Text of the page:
Nanoribbons channel light

September 8/15, 2004

In theory, computer chips that use light rather than electricity to pass signals through circuits would be considerably faster than today's electronics.

One challenge in making optical computer chips is finding a way to guide light through minuscule channels between circuits.

Researchers from the University of California at Berkeley and Lawrence Berkeley National Laboratory have made crystalline oxide nanoribbons that are capable of carrying light and that are flexible enough to form the patterns needed to carry out logic operations.

The nanoribbons could eventually be used to carry out chip-based optical computing and to enable tiny chemical and biological sensors.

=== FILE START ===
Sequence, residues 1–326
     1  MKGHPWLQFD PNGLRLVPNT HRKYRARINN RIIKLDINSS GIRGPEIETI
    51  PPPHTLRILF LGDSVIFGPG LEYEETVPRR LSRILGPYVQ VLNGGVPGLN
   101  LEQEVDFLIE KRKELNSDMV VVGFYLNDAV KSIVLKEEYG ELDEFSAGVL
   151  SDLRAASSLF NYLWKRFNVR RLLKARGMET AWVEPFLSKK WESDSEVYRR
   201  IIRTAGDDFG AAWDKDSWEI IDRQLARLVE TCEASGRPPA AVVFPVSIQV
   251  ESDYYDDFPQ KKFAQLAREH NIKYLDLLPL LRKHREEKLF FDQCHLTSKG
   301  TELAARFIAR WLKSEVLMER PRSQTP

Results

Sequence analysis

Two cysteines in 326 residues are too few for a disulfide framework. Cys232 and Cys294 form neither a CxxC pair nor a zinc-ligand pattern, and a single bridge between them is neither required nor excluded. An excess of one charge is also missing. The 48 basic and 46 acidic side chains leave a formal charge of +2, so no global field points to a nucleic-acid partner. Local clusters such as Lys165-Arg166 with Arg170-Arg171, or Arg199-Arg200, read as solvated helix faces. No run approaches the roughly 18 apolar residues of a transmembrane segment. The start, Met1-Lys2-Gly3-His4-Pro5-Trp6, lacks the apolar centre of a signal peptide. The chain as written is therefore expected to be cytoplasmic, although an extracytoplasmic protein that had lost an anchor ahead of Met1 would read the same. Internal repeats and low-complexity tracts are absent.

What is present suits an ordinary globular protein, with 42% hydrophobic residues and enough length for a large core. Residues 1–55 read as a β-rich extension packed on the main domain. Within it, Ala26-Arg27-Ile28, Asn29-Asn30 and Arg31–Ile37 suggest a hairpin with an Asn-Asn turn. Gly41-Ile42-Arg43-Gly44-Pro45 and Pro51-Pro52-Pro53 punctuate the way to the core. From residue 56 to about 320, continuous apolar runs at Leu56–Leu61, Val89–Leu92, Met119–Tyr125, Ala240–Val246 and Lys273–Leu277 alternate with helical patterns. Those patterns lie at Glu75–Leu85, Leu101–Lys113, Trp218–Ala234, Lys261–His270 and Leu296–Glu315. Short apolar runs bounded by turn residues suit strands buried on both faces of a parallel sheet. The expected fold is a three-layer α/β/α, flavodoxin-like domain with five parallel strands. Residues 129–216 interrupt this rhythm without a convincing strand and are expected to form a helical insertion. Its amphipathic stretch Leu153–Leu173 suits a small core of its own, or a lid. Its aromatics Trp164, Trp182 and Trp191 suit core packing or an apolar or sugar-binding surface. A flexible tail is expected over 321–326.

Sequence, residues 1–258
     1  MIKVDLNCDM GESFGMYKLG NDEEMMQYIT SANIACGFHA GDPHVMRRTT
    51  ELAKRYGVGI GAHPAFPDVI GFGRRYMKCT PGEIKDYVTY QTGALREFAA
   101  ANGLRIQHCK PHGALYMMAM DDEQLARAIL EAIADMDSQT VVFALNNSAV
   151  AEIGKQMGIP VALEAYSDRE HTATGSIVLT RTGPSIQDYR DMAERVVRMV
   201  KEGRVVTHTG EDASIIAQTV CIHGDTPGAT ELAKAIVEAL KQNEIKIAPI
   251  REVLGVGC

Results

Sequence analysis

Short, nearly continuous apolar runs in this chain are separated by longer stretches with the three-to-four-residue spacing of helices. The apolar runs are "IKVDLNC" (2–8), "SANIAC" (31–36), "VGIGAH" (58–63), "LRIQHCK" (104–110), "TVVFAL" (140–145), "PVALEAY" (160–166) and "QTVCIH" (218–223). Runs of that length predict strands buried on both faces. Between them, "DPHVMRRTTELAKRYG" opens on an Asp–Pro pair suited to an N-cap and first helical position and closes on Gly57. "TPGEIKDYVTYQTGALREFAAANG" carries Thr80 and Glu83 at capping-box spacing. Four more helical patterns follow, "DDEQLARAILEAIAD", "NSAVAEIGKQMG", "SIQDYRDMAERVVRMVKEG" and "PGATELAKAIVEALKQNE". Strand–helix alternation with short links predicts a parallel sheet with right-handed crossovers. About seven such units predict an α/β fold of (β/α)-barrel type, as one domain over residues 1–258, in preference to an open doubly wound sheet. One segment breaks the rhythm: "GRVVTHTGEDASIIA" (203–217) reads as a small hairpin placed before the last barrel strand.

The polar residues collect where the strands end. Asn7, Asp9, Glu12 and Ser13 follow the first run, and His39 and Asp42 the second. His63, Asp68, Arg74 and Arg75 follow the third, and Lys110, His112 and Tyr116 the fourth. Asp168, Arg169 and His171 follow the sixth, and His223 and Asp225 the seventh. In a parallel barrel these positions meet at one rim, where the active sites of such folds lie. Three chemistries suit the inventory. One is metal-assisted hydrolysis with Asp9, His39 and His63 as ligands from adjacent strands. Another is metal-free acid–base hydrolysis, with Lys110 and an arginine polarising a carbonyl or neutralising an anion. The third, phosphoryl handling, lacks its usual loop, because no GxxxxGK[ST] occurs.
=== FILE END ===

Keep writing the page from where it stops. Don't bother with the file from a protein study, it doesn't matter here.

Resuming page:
The nanoribbons range from 15 to 2,000 nanometers wide by 5 to 1,000 nanometers thick and are as long as 1.5 millimeters. Nanoribbons that are several hundred nanometers wide are capable of channeling visible and ultraviolet light even though they are narrower than the wavelengths of the light. A nanometer is one millionth of a millimeter.

The researchers also found that the ribbons do not need to be connected end-to-end in order to transmit light from one to another. They found that the most efficient way to connect nanoribbons was simply overlapping two ends. Molecular electrostatic forces held the ends together.

The researchers have also coupled one of the nanoribbons to a light-emitting nanowire. There are working on coupling nanoribbons with nanowire lasers and photodetectors.

Nanowire photonic circuitry could be used practically in 10 years, according to the researchers. The work appeared in the August 26, 2004 issue of Science.

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